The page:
"Do you like it here?"

Translation:Trivs du här?

February 12, 2015

This discussion is locked.


Gillar or tycker om is not correct?


Nope. The point here is to teach you the word trivas.


If it shows up in a new lesson for a new word, that makes sense, but when it shows up in a review it should still allow all the possible correct translations to be marked correct.


I don't think it even makes sense to translate Do you like it here as Tycker du om det här, if that's what you're suggesting. That sentence would usually mean Do you like this in English.
The only case I could think of where they would translate each other would be something like this:
Do you like this book? Yes, I like it here, but I didn't like it when I was in China. But this doesn't make a whole lot of sense to me (and we usually don't allow oddball interpretations of sentences as translations in the cases where it will be misleading for anyone who doesn't have that specific context in mind).
What do you think Zmrzlina, am I missing something?


In that case, can you give a brief rundown of how trivs differs in meaning/usage from the other two?


trivas means to be comfortable in a place (jag trivs här – 'I like it here', 'I feel comfortable here') or with something (Jag trivs med mitt arbete is something between 'I like/enjoy my work' or 'I am comfortable with my job')
It's the kind of word that isn't really suitable to teach on Duo but we wanted to have a few typically Swedish words in the course anyway.


your explanation here is great i feel as if duolingo is lacking in explanations of little things like this, it doesnt help by just throwing this verb at me and telling me it means to like when this whole course has only showed me two verbs that mean this "tycker om" and "gillar". When i was learning spanish in school they said that the verb "gustar" means to be pleasing and that in order to say "I like something" you have to say "me gusta" and that was more clear than just telling me that "me gusta" means i like by telling me the direct translation it leads to a deeper understanding of the functionality of the language and the verb itself, if duolingo just straight up said this verbs means to be comfortable in a place vs to like a place it would have made much more sense!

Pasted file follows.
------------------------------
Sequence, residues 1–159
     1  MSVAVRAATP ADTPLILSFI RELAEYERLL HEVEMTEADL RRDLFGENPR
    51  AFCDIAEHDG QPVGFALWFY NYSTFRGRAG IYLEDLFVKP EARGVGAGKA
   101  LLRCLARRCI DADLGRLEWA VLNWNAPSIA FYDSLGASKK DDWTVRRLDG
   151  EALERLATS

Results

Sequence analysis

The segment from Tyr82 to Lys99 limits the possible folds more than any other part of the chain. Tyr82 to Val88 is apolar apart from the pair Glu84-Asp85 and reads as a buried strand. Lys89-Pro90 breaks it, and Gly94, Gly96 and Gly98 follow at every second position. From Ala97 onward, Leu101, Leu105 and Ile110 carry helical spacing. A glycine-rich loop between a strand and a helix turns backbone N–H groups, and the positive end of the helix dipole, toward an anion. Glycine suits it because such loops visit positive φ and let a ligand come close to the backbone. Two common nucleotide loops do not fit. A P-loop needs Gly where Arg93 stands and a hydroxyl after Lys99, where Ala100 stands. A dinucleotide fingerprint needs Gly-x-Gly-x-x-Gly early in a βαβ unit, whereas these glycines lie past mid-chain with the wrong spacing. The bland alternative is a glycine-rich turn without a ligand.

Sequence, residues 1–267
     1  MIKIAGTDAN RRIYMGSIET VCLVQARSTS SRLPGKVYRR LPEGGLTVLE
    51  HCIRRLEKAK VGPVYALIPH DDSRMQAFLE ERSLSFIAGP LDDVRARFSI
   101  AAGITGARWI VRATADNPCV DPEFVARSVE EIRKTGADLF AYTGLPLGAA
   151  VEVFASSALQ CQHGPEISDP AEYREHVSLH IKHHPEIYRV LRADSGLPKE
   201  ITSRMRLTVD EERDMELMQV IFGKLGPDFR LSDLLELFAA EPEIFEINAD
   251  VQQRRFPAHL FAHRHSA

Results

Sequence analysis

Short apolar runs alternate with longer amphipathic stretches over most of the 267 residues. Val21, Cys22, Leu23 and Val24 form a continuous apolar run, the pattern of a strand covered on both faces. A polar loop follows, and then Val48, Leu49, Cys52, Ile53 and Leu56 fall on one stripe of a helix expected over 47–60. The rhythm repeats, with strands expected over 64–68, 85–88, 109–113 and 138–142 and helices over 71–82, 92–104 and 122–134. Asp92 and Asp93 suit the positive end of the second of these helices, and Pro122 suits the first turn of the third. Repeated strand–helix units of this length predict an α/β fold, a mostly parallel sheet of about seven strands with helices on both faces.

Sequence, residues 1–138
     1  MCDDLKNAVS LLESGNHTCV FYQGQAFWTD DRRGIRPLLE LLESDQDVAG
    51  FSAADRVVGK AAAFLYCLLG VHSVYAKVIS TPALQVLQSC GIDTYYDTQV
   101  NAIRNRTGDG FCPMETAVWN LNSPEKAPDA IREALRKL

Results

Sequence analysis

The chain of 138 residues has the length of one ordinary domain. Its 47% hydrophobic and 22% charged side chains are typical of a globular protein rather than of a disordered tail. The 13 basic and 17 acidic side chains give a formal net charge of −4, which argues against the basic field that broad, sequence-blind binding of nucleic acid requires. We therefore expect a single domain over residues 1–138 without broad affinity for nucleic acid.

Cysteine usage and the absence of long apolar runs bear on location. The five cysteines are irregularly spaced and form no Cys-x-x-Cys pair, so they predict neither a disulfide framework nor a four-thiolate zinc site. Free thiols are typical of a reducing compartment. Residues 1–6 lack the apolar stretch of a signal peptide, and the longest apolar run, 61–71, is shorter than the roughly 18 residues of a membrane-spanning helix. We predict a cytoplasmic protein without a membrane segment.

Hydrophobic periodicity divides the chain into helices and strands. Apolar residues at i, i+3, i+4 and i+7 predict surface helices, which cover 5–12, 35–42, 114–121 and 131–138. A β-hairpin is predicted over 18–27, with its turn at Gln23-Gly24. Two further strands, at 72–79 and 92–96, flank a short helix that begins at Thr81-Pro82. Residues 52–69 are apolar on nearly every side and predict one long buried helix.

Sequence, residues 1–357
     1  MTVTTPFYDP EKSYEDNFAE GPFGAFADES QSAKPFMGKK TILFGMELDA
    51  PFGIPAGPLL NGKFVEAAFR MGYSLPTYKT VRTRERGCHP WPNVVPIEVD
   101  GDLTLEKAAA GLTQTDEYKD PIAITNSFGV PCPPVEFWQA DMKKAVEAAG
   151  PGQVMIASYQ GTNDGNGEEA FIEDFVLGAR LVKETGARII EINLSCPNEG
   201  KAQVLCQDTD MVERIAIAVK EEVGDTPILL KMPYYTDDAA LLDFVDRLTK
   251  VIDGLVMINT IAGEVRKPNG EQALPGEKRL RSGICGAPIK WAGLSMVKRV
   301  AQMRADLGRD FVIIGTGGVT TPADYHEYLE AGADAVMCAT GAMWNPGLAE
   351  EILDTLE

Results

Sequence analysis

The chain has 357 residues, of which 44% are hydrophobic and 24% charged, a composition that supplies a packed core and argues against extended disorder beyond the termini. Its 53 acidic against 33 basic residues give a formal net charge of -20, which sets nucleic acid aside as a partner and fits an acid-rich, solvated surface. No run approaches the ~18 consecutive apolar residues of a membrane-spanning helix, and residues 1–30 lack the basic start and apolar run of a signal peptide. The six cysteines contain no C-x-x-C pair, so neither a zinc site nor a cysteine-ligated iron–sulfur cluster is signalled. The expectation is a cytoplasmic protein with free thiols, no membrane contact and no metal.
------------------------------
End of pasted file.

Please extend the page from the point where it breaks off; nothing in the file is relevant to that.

I remember it by thinking of thrive (which may be a cognate). As in I thrive here / jag trivs här


Thanks, this makes sense, but maybe it would be better if you also make the English sentence less easy to cause confusion, like "Are you comfortable here?"


Ok, but we don't know that beforehand.


I really wish I could learn new words by learning them, not by being wrong when trying to answer. But that's just me!


No, it's definitely not just you!


That may be so, but does that mean that the phrase cannot be translated as something like "Tycker du om det här?", for example?


Since det här = detta = this, "Tycker du om det här?" sounds more like "Do you like this?".


Why doesn't "trivs" need a preposition here?


Because it doesn't have an object. här is a place adverbial.
If you want to say that you are comfortable with something, there would have to be a preposition, like Jag trivs med mitt jobb 'I enjoy my job'. The job would be the object.
But här is not the thing you are comfortable, it represents the place where you feel comfortable.

And the reason there's no preposition in här 'here' but there is one in i Stockholm 'in Stockholm' is the same as everywhere else, (and works roughly the same as in English), här is an adverb which doesn't need any further specification.


Where did this come from????


Why no det den or any other version of it


Why "triv du det här" was marked wrong?

  1. The verb is "trivas" and present tense is "trivs". "Trivas" is a so-called deponent verb https://www.duolingo.com/comment/6094592.
  2. Here, "trivas" means "like it", so the "it here" part is not the same as "det här". You can say "trivs du med det här" (≈ are you comfortable with this) though. See also this thread https://www.duolingo.com/comment/6165804.


I'm wondering if there is phonological assimilation going on in trivs. Is this pronounced trifs or trivz? Or maybe neither??


My Swedish husband says it's "trivz". Also, this forvo pronunciation is pronouncing it as "v": https://forvo.com/word/trivs/

But my husband and the guy on forvo both pronounce the "v" quite lightly, so it's almost like "triz", but there's still a hint of "v" there.

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